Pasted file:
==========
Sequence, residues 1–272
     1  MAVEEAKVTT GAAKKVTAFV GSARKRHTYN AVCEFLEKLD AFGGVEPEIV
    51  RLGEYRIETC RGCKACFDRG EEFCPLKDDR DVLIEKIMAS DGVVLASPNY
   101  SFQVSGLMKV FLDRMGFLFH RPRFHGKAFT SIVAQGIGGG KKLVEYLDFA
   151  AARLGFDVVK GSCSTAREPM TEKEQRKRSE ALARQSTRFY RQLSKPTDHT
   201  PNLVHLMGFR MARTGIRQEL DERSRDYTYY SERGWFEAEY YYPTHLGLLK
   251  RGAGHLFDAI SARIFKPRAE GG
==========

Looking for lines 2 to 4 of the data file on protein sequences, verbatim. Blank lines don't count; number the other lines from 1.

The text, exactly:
     1  MAVEEAKVTT GAAKKVTAFV GSARKRHTYN AVCEFLEKLD AFGGVEPEIV
    51  RLGEYRIETC RGCKACFDRG EEFCPLKDDR DVLIEKIMAS DGVVLASPNY
   101  SFQVSGLMKV FLDRMGFLFH RPRFHGKAFT SIVAQGIGGG KKLVEYLDFA